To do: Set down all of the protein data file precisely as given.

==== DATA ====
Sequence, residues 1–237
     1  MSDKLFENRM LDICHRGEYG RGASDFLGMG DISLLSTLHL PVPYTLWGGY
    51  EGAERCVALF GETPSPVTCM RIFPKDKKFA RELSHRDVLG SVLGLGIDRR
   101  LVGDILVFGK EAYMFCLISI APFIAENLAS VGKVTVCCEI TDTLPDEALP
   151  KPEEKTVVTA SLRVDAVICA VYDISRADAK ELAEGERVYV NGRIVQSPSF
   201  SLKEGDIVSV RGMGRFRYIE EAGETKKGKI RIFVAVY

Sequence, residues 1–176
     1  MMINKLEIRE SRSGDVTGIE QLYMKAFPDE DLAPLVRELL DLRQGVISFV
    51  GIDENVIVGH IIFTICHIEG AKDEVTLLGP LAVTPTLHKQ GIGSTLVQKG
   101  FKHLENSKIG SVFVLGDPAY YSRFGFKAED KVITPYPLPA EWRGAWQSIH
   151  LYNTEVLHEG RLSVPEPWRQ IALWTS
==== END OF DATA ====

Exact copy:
Sequence, residues 1–237
     1  MSDKLFENRM LDICHRGEYG RGASDFLGMG DISLLSTLHL PVPYTLWGGY
    51  EGAERCVALF GETPSPVTCM RIFPKDKKFA RELSHRDVLG SVLGLGIDRR
   101  LVGDILVFGK EAYMFCLISI APFIAENLAS VGKVTVCCEI TDTLPDEALP
   151  KPEEKTVVTA SLRVDAVICA VYDISRADAK ELAEGERVYV NGRIVQSPSF
   201  SLKEGDIVSV RGMGRFRYIE EAGETKKGKI RIFVAVY

Sequence, residues 1–176
     1  MMINKLEIRE SRSGDVTGIE QLYMKAFPDE DLAPLVRELL DLRQGVISFV
    51  GIDENVIVGH IIFTICHIEG AKDEVTLLGP LAVTPTLHKQ GIGSTLVQKG
   101  FKHLENSKIG SVFVLGDPAY YSRFGFKAED KVITPYPLPA EWRGAWQSIH
   151  LYNTEVLHEG RLSVPEPWRQ IALWTS